Every Sunday afternoon as far back as I can remember, my family would come together in my Grandparents long and narrow basement in Bensonhurst Brooklyn. The basement, anchored by bright orange cabinets had a series of tables in the center of the room that seemed to stretch for miles. The stove in the kitchen was burning since the early morning with the typical, soul satisfying foods southern Italians are now famous for; meatballs both simmered in a tomato sauce as well as fried, stuffed eggplant, thick strands of candele pasta clinging to a hearty ragu, small glass bowls of calabresi olives, and plenty of hot pepper flakes.
Pieces of burnt brick oven bread were scattered on the tables, bread bowl be dammed. Since I grew up in Brooklyn not ten blocks away from my Grandparents I was lucky enough to see them on a regular basis. But these Sunday afternoons, a weekly ritual, were orchestrated by my Grandfather. He knew life would take us all in different directions; but the simple acting of gathering for a shared meal would keep us united, and it did.
Aunts, Uncles, and cousins would drive in from Long Island and Westchester, to sit at this massive uneven table, to eat, drink, argue, and make up by the time the espresso was served. Looking back I am sure the food was delicious, but that wasn’t really the point. I remember so much more than the food, there was so much laughter, love, and unity in that crowded basement.
These meals went on for years, and eventually ended when my Grandfather died. After that my Grandmother seemed to lose her inspiration, and started to cook less and less. We would gather periodically, but then cousins got older, married, and moved further away. The ritual became an open invitation, and without purpose or motive, everyone went their separate way. The family grew and before I knew it we would see each other just on the holidays, there were no more Sunday dinners.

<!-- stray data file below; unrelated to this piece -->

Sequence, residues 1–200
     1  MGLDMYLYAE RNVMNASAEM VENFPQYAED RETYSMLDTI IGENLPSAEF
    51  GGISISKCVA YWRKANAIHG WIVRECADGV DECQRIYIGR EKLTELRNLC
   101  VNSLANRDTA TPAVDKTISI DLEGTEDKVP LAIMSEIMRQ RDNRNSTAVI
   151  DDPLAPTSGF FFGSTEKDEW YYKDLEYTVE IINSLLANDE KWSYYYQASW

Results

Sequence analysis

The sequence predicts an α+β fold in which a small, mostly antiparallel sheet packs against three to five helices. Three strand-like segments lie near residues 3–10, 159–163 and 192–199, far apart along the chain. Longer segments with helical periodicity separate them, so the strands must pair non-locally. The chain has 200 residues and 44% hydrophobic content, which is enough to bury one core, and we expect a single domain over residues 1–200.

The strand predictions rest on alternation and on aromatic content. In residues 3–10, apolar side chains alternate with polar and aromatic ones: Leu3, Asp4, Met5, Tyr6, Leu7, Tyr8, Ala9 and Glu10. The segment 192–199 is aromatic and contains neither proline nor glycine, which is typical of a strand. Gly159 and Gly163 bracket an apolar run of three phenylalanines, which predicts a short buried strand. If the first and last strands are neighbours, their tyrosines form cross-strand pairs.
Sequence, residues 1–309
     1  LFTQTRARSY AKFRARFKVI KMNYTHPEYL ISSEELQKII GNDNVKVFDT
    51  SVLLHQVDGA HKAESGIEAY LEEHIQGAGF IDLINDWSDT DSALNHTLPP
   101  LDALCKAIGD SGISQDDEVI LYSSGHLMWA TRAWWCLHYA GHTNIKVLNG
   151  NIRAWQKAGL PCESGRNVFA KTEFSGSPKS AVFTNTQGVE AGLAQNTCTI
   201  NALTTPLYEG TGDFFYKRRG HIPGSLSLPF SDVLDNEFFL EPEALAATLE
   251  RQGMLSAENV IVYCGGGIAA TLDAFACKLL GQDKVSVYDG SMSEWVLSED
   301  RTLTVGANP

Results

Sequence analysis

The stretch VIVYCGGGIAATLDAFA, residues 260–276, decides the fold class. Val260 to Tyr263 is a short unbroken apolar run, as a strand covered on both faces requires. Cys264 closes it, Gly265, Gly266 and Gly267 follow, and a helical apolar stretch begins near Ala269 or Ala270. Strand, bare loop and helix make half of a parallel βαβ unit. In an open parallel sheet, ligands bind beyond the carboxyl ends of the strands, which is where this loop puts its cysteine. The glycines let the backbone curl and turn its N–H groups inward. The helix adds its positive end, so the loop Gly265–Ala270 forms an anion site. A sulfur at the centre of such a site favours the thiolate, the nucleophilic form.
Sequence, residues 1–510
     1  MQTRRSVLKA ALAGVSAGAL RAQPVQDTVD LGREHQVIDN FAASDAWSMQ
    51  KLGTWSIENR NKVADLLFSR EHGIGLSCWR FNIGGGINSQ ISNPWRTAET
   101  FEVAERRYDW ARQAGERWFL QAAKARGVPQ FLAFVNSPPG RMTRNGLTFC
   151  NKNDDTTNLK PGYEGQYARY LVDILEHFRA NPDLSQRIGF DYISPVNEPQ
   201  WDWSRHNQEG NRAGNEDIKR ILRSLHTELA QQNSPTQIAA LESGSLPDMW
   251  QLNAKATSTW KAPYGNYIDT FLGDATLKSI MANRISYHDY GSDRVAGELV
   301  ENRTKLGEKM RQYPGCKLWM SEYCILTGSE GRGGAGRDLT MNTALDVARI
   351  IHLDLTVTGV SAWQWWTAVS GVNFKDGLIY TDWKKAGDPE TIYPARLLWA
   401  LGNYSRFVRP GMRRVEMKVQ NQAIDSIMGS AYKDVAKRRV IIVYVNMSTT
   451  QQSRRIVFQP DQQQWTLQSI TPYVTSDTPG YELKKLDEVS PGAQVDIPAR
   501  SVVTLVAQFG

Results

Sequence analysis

My Grandmother cooked well then, not so much anymore. It’s not that her food taste bad, just different. I am sure the ingredients are the same and the technique is unchanged, but that feeling of satisfaction is lost.
More often than not I find myself thinking back to that mile long table, with mismatched silverware, and family from afar. I know now that those years spent in that basement gave me some of the best meals, and memories of my life.
Now when I cook for family, friends, or whoever happens to make their way to my table, I know the food is important, but ultimately, I have learned that time will be the judge as to how well I cook.
This essay first appeared as a submission for the Anthony Bourdain Medium Raw contest to answer the question “How well do you cook?”